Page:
In this week's episode of The News:
- Deputy Global News Director Ryan Broderick shares a reporter's notebook from protests he came across in Mexico City.
- VP of News and Programming Shani Hilton talks to Head of Breaking News Tom Namako and reporter Adolfo Flores about what is happening on the US–Mexico border.
- Business editor Venessa Wong talks to senior tech reporter Caroline O’Donovan about how Ziosk tablets affect restaurant servers — from enabling workplace sexual harassment to literally docking their hours and pay.
- Curation editor Elamin Abdelmahmoud talks host Julia Furlan through the week’s news, and tells her what to expect.
Listen to this week’s episode:
Reporter's Notebook - 00:51
JF: It has been a wild week following the story of Trump's zero tolerance immigration policy and the resulting separations between family members at the border. We saw heartbreaking images of children in cages, we saw them separated from their families... On Wednesday Trump signed an executive order that made it so that families could stay together, but there was a lot of confusion about how detention centers were going to work exactly. Then there was also a huge rush to action with people donating money, calling their representatives, and protesting.
Tape: Locking up families is wrong! Locking up families is wrong!
JF: There were also protests in Mexico City this week.
Tape: Los niños son [inaudible]
JF: Here's a reporter's notebook from Deputy Global News Director Ryan Broderick.
Ryan Broderick: Yesterday when I was leaving the office I passed the U.S. embassy and saw a huge crowd of people, like probably 100-200 people protesting. There were chants of "these are children, not hostages."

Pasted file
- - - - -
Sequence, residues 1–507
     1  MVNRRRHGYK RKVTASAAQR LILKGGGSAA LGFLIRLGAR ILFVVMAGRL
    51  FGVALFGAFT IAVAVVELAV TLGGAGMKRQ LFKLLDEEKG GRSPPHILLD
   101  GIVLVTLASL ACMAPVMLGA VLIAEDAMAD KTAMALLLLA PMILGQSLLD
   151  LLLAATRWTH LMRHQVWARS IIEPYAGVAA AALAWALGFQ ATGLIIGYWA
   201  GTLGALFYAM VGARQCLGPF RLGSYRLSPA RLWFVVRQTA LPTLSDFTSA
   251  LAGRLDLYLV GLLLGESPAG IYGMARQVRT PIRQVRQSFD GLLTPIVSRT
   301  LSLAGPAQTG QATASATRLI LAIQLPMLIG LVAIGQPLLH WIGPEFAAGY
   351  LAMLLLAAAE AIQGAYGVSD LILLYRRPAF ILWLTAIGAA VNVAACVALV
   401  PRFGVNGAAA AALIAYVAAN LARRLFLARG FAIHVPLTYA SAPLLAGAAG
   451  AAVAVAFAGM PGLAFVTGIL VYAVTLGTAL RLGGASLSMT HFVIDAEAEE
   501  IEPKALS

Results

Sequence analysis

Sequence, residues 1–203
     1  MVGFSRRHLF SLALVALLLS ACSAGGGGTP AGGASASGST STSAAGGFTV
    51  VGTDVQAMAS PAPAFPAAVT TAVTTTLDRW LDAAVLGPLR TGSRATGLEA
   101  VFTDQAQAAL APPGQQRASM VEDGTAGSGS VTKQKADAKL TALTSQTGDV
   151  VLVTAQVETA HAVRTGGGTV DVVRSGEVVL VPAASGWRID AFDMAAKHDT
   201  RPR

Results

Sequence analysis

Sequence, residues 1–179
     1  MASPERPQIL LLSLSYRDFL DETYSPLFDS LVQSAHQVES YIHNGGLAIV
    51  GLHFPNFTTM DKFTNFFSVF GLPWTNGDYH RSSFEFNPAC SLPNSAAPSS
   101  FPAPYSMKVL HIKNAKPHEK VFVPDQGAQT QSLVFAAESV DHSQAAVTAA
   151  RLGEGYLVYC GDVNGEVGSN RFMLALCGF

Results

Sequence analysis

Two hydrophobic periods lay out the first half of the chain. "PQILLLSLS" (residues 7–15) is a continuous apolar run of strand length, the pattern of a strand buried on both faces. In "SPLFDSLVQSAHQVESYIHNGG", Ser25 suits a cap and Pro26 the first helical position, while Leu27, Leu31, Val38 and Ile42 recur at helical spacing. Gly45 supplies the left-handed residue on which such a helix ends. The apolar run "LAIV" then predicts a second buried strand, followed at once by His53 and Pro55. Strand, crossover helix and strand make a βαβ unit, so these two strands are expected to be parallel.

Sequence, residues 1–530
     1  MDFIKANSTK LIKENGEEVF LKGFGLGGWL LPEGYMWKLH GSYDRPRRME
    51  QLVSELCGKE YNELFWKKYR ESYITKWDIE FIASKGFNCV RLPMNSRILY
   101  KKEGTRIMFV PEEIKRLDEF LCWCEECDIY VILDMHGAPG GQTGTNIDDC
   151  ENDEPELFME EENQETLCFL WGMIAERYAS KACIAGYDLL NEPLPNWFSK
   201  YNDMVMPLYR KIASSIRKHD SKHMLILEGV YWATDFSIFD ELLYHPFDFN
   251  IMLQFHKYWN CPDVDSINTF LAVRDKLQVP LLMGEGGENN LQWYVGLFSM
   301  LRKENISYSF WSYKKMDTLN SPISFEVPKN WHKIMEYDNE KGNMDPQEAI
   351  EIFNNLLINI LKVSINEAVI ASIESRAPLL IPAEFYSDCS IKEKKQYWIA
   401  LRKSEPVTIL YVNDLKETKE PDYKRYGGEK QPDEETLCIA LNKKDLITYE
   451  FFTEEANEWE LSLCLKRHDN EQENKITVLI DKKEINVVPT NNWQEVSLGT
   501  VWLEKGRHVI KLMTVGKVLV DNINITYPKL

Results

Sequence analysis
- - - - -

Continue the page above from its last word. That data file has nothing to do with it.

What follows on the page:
Tape: Son ninos, no rehenes!
RB: There was a guy dressed up like a KKK member. There were other people holding posters with Donald Trump next to Hitler, and they had lined the fence of the embassy with baby dolls draped in tinfoil to sort of match the now iconic photos of what some of these detention centers look like. I wanted to ask the people there if there was one thing that they wish Americans understood about how they feel watching all of this happen, you know following us on the news and not being able to do anything about it. And the answers were pretty surprising.
Tape: We are really angry because we think that children are humans and they don't deserve to be apart from their families, you know?
It's against dignity and human rights, and all that's going on should stop. That's why. Because I don't think it's fair for anybody in the world.
This is unacceptable. The children belong to be with all the families. Not alone, not in cages!
I'm a mother and I just can't imagine my children going through what the other 2,000 children are going through.
Realize the importance of this issue. I mean this is a very very very dangerous things in terms of international matters.
I personally think the American people doesn't see us like an equals. The privi--the white privilege is very strong in America. So I think this is a problem of race, this is a problem of social problem, and I don't think this is going to end so soon.
And they're full of lies. They are only tell lies. I mean what are they doing right now? Where are they?
We can't be silent and we can't pretend that it's not happening.
Please please feel something, have heart, have soul, have something! America or USA is the country of freedom; it's not true at this moment.
This is something that we thought we passed already in the World Wars, and it's happening now. So not only Americans. All the world needs to be aware of what is happening now. Because I think it's very very important.
Son niños, no rehenes! Son niños, no rehenes!
JF: That was deputy Global News Director Ryan Broderick.
The Lede - 04:24
Our reporter Adolfo Flores has been reporting on immigration for BuzzFeed News since 2014. And he called us from McAllen, Texas, where he was trying to wrap his head around this massive story as it unfolds. This week on The Lede, Shani Hilton and Head of Breaking News Tom Namako talked to Adolfo about where this is all going, and what the consequences may be.
Shani Hilton: Hi Adolfo. Hi Tom.
Adolfo Flores: Hi.
Tom Namako: Hello.
SH: Adolfo where are you right now?
AF: I'm in a Best Western in McAllen, Texas. It's ground zero for the family separations because a lot of people come through the area and they have to go to the court house here.